The short-lived celebration of male objectification

Posted on August 21, 2011 by


Written by Cindi Loo

It started with a tweet, from our lovely Kirsten Han of course.

I clicked on that URL, and Lo and behold, it was like opening the caves that the Forty Thieves tried so hard to conceal, and I was Ali Baba. The gold, of course, were these delicious men of caramel skintone coupled with some sugar, chocolate and lemon meringues.

Yes, girls, sigh at the beauty that is the Men who works for Al Jazeera English, in front and behind the TV screens. The Men of AJE.

My personal top 3 favourites

The beauty of this Tumblr wasn’t just that it’s filled with eye candy, nope, but every post comes with a witty comment and almost perfect but non-clichéd description of said “hunk of the day”. According to  their official Twitter, the Tumblr owner is a woman that keeps everyone guessing if she was even from Al Jazeera English. It immediately became the talk of the AJE office and Twittersphere when it comes to who will be featured next, which really kept all the men on their toes all the time.

But what impressed me the most was the way the praise were showered, and in a funny, non-derogatory manner that just kept everyone’s dignity secured at most, and (in my case) in fits of giggles for a very long time. I mean, come on, you read about the prospects of Dior making about press jackets and you just WISH it was true!

To prove my point, I shared this on Facebook, and, to make it even fun, I tag only my Malaysian journalist female friends, just to see if the female kind who works in the same field approves the magnetic charm these people emit and felt as I have felt.

The last count was 44 comments on my Facebook page, possibly the most comments on it, ever, no thanks to all the contributions from the ladies. All filled with squeals, excitement and hormonal rush. I did not expect that an explosion of discussion erupted especially from our journalist folks who are usually a little more than discreet about their personal lifestyles. Links were shared, giggles enhanced, some dirty talks ensued, some convincing they can find local journalists who’s good looks can match these men of AJE, but it was mostly made out of good fun. It gave me a sense of belonging that maybe this share among us females who were largely educated, independent and very much single and available, works. That male objectification, as long as it’s done in respect to the men and not degrade them for the hard work they’ve done, perhaps this signifies a time when women can proudly display their worship of a man for his tenacity for a good project (or in a journalistic sense, a story), and the fact that we know that they are blessed with good looks does not hinder their work nor distract them from putting their most professional front when they’re working to present the latest news to our TV and computer screens.

That’s why I was devastated of course, when not too long after, the starter of this Tumblr, decided to stop posting anymore content on Men of AJE.

This paragraph from her final note to the public, I think, is a good summary of her reasons to close down this Tumblr after a very short but successful run:

In the process, however, I did something wrong: I did objectify these men. I used their rather handsome faces to get reactions, to socially experiment. I won’t lie and say the idea had no vain source because it did, but I won’t hide the fact that I was genuinely curious as to how such a blog would be received. But in doing so, I afforded the same levels of discomfort and objectification to these men that women so often undergo. And no matter what the reason, that’s never right – a strong principle and a strong ethic cannot be and should not be compromised. If it’s wrong to be done to women, it’s wrong to be done to men. Period.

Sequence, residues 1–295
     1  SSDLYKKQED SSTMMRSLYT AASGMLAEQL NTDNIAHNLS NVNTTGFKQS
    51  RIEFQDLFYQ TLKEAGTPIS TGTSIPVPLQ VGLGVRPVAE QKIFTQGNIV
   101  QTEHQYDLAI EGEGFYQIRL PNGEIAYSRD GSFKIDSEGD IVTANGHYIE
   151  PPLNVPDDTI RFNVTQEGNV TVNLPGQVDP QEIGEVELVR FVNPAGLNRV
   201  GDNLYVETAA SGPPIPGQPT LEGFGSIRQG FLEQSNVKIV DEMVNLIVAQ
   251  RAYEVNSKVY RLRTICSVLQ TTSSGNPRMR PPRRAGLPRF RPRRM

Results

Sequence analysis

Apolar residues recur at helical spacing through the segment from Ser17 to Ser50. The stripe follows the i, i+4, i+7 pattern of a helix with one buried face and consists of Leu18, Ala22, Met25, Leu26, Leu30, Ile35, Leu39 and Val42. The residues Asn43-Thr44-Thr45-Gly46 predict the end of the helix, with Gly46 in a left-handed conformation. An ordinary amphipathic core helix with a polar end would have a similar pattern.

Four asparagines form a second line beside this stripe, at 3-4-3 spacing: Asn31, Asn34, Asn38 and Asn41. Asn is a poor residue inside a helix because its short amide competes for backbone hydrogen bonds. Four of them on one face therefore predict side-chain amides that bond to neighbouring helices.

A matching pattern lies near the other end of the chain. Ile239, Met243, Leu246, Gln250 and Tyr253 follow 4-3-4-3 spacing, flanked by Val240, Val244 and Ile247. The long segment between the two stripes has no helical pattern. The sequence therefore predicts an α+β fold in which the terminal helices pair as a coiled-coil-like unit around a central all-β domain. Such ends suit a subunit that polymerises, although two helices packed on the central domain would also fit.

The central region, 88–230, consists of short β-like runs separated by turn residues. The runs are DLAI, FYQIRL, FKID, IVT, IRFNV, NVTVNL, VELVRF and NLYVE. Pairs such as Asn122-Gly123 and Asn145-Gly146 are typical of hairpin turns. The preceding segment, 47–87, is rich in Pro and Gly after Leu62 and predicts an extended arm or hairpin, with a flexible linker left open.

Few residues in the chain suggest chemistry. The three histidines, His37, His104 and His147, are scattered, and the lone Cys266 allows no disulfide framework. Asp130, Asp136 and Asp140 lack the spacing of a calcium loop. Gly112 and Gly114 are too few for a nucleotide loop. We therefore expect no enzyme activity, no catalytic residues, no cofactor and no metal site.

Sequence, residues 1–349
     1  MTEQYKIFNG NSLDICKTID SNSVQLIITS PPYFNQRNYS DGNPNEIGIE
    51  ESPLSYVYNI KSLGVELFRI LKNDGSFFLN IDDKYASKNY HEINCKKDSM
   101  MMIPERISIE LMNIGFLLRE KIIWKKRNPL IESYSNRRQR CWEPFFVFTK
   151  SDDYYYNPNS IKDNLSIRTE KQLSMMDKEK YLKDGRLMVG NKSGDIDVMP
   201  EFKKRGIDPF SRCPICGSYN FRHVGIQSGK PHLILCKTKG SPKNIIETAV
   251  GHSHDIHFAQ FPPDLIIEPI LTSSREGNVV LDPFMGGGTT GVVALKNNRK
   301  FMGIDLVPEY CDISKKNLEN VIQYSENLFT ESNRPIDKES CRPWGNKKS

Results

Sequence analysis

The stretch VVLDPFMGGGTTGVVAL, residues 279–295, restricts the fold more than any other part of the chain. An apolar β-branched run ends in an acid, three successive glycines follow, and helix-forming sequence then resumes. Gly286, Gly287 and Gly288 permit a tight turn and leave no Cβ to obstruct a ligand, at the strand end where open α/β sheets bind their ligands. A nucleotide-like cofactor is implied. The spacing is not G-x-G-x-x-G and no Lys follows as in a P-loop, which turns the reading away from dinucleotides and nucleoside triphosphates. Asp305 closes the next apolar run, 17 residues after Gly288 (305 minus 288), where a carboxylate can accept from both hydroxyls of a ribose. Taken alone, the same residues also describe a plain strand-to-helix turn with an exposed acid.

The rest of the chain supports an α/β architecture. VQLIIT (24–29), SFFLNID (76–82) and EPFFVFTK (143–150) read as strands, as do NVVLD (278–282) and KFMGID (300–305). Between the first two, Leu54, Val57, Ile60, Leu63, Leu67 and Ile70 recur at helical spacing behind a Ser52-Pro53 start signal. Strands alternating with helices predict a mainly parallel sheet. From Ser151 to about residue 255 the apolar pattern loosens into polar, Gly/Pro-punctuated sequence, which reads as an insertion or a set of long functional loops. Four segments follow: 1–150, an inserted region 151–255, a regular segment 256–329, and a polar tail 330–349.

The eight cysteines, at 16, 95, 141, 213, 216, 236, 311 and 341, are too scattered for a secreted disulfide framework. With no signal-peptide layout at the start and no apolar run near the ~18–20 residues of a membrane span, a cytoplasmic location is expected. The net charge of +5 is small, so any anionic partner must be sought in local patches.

So, for that I apologize to the Men of AJE. You’re freakishly goodlooking, but that doesn’t need to overshadow the work that you do, because it never will.

I can understand, and partially agree to her stance, but only partially. For one, by featuring both Derrick Ashong and Ahmed Shihab-Eldin, my attention was brought to AJE’s very new show, The Stream, where stories featured there are mostly content and news reported by the ordinary people who used Twitter, Facebook, Youtube, basically any social media that are brought to their attention and they will help broadcast the story. That’s a mega promotion for their show to me, but I agree with her because other than that exception, I’ve only resort to admiring them by their face and reading up on what they do briefly, and do not actually do any follow-up to any of them after clicking on that post for the hundredth time just to see their beautiful face.

It’s sad to see this little Internet escapade, and with it, its trend of male objectification, vanished. But it was all in good fun. Everyone are still talking about it whenever they can because maybe, for that one glimpse of hope, this restored a little of Journalism’s dignity and make it sexy again. Maybe not everyone see them as hunks, but, I think these men need not worry, because there’s always that niche media market ready to bask in their handsome glow.

Now all is left is that small gap in my heart that needs filling, perhaps another kind of Internet eye candy, something endearing, warm, just makes me smile:

That didn't take long. Credits to MisDeeds


Posted in: Malaysia, The Random!